The Spanish conquest of Puerto Rico all but completely destroyed the Taino tribes that inhabited the island; they were decimated by attacks, disease and forced assimilation. According to a 2003 study by Juan Martinez Cruzado, a geneticist at the University of Puerto Rico, more than 60 percent of the island's population still carries Taino DNA in their blood, a fact of which many Puerto Ricans are extremely proud. Every 19th of November, the town of Jayuya celebrates this heritage with the Festival Indigena Jayuya that draws throngs of national and international tourists.
Town of Jayuya
Jayuya is at the edge of the Toro Negro forest reserve, which gives the town grand views of the forested mountains all around. On the unprotected side of town, the mountain slopes are full of coffee plantations, many of which provide public tours. The town itself is fairly small and tranquil, with a few interesting public buildings around the central plaza and several museums dedicated to the Taino people. According to local legend, it was to these mountains that the Taino tribes escaped from Spanish conquistadors and set up their last settlements, often mixing with the local African slave population.
Route 144 takes you from the capital of San Juan to the remote site of Jayuya in a couple of hours, with public and chartered bus services making the trip around the festival days. The official festival day is held on November 19th, a date that coincides to the public holiday that celebrates the discovery of the island by Christopher Columbus. The festival usually lasts around 10 days, with small events scheduled a few days before and after the 19th of the month.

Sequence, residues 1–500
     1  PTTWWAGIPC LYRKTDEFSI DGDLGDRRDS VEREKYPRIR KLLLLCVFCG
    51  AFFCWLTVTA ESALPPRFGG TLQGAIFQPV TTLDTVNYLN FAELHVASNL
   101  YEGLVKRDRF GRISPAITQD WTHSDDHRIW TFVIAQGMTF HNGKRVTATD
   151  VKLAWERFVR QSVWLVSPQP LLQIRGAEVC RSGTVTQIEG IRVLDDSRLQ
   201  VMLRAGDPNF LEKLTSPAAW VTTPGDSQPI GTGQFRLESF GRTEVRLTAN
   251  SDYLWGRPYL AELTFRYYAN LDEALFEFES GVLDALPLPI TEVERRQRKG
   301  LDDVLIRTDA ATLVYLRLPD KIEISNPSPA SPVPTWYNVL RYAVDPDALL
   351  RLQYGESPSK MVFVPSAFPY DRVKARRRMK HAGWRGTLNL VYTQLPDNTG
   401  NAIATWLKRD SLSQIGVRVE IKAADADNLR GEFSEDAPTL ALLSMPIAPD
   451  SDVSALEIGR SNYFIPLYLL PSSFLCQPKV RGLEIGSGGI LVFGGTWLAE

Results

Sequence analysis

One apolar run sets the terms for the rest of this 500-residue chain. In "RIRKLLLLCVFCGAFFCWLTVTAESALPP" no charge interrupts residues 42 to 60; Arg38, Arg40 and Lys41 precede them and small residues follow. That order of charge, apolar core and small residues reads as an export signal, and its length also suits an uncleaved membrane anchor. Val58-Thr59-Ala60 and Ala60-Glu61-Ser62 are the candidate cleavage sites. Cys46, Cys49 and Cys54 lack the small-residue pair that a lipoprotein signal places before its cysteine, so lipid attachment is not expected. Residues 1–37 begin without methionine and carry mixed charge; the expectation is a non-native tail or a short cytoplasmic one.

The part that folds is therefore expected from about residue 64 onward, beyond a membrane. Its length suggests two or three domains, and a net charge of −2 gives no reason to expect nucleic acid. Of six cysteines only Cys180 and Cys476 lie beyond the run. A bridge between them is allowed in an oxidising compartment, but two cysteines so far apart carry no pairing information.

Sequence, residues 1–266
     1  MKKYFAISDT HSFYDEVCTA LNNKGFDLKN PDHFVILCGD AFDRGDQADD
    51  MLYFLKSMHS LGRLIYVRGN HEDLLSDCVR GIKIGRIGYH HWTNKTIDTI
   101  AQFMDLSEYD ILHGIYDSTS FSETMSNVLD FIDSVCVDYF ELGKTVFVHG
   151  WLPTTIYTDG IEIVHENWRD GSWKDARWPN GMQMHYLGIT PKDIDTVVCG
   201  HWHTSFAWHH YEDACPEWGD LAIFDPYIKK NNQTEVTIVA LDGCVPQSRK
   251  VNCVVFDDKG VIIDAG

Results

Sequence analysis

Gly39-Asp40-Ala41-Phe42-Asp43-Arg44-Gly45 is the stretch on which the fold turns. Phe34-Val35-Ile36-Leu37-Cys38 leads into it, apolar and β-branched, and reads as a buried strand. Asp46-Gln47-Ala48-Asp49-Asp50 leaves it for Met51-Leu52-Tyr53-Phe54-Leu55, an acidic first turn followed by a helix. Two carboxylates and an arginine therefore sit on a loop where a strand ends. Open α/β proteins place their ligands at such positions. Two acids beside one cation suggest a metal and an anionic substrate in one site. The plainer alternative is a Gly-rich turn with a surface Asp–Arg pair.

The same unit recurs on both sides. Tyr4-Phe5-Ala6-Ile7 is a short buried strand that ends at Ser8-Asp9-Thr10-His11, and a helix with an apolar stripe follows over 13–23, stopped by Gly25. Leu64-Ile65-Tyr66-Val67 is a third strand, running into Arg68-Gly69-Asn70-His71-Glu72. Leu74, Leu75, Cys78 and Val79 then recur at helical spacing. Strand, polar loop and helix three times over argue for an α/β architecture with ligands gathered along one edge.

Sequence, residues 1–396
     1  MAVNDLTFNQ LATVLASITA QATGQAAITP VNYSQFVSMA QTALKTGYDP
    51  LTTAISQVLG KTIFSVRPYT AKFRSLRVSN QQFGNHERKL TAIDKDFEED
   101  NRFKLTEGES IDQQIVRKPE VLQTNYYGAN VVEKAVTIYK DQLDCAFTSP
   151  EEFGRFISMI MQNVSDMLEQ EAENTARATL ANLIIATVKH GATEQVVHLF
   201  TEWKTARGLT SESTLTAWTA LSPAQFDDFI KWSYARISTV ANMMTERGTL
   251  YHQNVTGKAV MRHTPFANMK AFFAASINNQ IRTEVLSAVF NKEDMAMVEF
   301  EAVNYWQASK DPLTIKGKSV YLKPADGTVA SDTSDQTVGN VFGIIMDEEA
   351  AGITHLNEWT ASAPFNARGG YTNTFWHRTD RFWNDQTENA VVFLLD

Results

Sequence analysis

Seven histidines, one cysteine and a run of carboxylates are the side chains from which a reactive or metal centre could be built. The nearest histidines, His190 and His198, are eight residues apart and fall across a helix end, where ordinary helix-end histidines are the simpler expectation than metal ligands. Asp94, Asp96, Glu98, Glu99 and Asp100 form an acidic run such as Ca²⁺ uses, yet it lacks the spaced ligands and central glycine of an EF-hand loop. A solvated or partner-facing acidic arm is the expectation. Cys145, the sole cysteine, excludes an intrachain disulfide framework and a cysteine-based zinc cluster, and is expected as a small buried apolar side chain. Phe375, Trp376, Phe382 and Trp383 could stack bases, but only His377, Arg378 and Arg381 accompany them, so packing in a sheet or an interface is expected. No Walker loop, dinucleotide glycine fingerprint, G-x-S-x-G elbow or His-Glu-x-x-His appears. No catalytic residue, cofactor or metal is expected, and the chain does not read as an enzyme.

The first Festival Indigena Jayuya was celebrated in 1969, the same year the bust of the namesake indigenous chief was placed in the town's central plaza. According to colonial documents, Jayuya was a Taino tribal leader in the area, displaced by Spanish forces in the 16th century. While some travelers describe the town's late interest in their indigenous roots as a bit of a tourist trap, most townspeople are genuinely proud of their Taino heritage, and the town now calls itself the indigenous capital of the island. You'll find the Taino sun symbol on everything from public monuments to handicrafts and tattoos in Jayuya.
The main events on the 19th of November include a beauty pageant, public concerts, historical presentations and reenactments -- all held in the town's central plaza and open to the public. On the days before and after the 19th, the town takes on a bit of a carnival atmosphere, complete with food and drink stalls, carnival games, smaller concerts of indigenous and contemporary music and even dancing in the streets after sunset. The festival attracts a huge local and family crowd, with most events designed to be educational and appropriate for children.